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Southern Residents Fear for Their Lives as Rockets Keep Falling

Frustration, boredom, and fear: a glimpse into the lives of Israelis living within the range of Hamas's rocket fire.
By Tova Dvorin
First Publish: 7/8/2014, 4:23 PM

Israelis find shelter from the rockets in a sewage pipe
Israelis find shelter from the rockets in a sewage pipe
Reuters

As the IDF mobilizes for a possible ground offensive, Israelis living within the line of Hamas rocket fire wait in fear and frustration, having been forces to stay within a 15-second distance of their nearest bomb shelter as rocket after rocket falls on their homes from Gaza. 

"I'll be awake at 2:30 am, unable to sleep from anxiety that I may not be able to get to our 'safe room' if a rocket falls," one Ashkelon resident, who wished to remain anonymous, told Channel 2.

Parents, in particular, are concerned over the rocket fire. More than just fearing for their lives and their children's safety, they have also been left without the possibility of working, as transport is dangerous and preschools and summer camps have been shuttered.

"I couldn't go to work today, but my daughter's safety is more important," Ortal, a resident of Moshav Beit Ezra between Ashdod and Ashkelon, stated Tuesday.

"There is nothing we can do. This is part of living in the south," she added, sadly. "I hope this time we can finish off Hamas and move on with our lives in peace." 

Anxiety over the security situation is palpable throughout Israel, even outside of the 40 kilometer "danger zone" from Gaza. Residents within the firing zone find that fear follows them throughout their day - even when they have left their communities to find refuge deeper into the Israeli heartland.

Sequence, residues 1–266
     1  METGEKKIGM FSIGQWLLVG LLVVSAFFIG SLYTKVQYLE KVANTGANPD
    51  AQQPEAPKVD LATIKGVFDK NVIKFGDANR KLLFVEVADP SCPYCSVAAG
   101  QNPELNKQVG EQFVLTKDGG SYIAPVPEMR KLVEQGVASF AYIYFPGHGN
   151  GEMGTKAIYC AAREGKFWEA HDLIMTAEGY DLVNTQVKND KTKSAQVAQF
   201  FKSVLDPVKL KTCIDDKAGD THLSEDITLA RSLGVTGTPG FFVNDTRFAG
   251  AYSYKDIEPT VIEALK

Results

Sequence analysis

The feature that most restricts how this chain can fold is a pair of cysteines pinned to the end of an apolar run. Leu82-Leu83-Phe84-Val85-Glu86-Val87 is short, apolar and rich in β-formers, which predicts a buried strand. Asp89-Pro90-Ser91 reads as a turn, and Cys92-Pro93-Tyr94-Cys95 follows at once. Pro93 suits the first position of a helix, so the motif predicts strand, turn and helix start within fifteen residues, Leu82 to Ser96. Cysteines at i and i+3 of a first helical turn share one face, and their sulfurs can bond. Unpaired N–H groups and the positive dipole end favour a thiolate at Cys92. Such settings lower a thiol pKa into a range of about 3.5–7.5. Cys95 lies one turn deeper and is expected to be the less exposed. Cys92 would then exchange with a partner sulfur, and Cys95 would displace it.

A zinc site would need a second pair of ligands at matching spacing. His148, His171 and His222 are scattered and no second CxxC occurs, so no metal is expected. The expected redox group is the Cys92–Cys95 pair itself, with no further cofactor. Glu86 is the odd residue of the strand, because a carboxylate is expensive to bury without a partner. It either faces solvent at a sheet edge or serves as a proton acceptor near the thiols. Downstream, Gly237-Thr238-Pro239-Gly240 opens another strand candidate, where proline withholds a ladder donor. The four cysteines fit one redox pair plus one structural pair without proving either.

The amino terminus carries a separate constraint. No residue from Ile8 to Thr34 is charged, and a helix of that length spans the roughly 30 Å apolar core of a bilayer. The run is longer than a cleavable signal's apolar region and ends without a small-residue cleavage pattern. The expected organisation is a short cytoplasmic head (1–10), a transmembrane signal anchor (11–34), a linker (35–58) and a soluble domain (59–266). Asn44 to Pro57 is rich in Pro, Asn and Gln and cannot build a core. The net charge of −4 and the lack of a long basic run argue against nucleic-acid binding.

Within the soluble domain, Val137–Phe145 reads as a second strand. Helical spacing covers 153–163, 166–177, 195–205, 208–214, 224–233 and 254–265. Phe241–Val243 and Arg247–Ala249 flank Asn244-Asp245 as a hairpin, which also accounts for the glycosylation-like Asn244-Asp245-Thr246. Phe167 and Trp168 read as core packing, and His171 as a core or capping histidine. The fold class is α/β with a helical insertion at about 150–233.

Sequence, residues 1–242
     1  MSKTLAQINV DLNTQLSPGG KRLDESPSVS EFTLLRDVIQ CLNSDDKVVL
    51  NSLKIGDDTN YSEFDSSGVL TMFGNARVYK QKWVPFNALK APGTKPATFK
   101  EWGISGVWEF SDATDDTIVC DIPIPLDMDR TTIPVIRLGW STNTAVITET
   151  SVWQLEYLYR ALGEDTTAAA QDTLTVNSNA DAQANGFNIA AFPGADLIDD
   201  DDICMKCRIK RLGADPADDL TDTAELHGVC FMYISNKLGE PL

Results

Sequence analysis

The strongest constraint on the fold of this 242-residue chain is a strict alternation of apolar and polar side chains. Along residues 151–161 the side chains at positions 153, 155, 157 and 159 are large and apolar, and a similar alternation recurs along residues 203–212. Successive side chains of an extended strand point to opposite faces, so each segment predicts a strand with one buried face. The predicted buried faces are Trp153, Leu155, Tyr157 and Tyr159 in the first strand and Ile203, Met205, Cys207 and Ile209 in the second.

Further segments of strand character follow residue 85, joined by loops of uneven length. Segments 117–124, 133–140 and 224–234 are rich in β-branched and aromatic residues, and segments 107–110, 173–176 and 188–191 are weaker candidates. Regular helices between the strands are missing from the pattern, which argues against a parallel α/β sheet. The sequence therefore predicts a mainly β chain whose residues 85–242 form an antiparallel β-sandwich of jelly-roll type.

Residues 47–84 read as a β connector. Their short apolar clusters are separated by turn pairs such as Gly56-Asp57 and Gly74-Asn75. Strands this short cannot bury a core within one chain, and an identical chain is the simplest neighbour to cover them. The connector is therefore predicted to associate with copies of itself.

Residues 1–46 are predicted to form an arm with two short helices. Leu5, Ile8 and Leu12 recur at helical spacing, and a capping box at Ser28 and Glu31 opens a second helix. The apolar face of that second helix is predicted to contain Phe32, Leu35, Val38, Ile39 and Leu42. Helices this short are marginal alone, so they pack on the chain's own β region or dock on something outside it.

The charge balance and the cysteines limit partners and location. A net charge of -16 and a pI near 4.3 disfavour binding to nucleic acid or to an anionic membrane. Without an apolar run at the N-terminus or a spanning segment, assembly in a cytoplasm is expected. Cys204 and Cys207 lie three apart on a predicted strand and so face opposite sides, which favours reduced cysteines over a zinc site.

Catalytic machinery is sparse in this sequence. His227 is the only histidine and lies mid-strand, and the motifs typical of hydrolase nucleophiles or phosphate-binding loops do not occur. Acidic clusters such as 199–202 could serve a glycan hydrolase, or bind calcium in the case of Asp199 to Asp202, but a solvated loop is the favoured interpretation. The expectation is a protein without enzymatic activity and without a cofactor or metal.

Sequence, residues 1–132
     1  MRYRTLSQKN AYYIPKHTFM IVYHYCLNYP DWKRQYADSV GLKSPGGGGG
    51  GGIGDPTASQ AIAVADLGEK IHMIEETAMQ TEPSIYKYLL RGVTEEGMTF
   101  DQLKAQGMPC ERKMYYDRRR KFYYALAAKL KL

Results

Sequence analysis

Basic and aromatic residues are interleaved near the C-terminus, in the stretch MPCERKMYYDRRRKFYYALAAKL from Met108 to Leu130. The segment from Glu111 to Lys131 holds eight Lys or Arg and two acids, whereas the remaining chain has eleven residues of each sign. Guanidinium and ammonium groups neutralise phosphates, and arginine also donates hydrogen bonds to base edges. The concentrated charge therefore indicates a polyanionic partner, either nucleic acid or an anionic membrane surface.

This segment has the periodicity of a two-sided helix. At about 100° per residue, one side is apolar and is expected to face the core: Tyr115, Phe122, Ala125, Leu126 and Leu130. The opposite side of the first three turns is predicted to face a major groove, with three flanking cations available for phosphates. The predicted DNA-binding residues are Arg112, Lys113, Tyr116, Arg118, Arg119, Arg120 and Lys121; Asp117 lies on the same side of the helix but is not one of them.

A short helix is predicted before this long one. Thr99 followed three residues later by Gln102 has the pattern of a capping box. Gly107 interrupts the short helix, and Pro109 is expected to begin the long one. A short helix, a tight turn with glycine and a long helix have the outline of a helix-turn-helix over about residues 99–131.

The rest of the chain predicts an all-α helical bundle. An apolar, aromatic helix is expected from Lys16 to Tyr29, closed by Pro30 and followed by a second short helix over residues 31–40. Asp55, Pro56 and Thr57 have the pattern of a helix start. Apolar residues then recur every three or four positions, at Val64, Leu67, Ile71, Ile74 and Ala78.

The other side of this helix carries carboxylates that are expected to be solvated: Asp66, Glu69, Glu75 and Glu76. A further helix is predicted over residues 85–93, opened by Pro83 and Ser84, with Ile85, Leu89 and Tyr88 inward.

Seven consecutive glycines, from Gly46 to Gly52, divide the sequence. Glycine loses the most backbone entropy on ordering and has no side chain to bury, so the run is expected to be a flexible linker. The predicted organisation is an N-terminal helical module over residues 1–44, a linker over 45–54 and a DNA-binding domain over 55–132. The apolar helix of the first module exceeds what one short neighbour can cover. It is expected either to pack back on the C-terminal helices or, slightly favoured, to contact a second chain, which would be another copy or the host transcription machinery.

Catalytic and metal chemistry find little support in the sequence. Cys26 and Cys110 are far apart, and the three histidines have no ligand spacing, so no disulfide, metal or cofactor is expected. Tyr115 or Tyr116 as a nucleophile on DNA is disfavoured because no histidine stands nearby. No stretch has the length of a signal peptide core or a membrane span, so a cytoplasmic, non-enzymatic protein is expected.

The Eshkol and Sha'ar HaNegev Regional councils brought hundreds of children and teenagers, as well as adult support staff, to the Kibbutz Shefayim water park on Monday, to give young families a mental and emotional break from the rocket fire. 

However, participants noted to Walla! News that the expedition, while welcome, did not bring them calm. 

"We do not really know how to calm the children down," Oshrit Masala, 22, of Kibbutz Nir near Gaza, told the daily. "The kids are anxious all the time. Slamming a door startles them."

Residents of the Israeli community of Nitzan, near Ashdod, take cover in a concrete pipe used as a bomb shelter Reuters

"We've had to stay within 15 seconds of a secure area and they grow frustrated and bored; they can't play outside, they can't run around," she added. "Even we are stressed - it's impossible to function normally, for a while we just started counting the rockets we heard outside." 

Masala described life on the kibbutz over the past week, after a collective bar mitzvah ceremony was punctured by rounds of rocket fire and "Code Red" alarms that sent the entire community dashing into shelters. 

"The children just kept crying," she said. "It was impossible to explain to them why their bar mitzvah was being bombed."

"Although they are acclimating somewhat, I don't think it will get better - ever," she added. 

The children agreed. 

"We hear a lot of 'booms.' It's really scary," said Shamir, 11, from Moshav Ehud near the Gaza border. He insisted that he would never leave, however. "Apart from the bombings, I love being there." 

"Why do they only put the Iron Dome near Ashdod and Be'er Sheva?" he wondered. "It's not right that they don't protect us, we are the closest to Gaza and we're terrified of the sirens."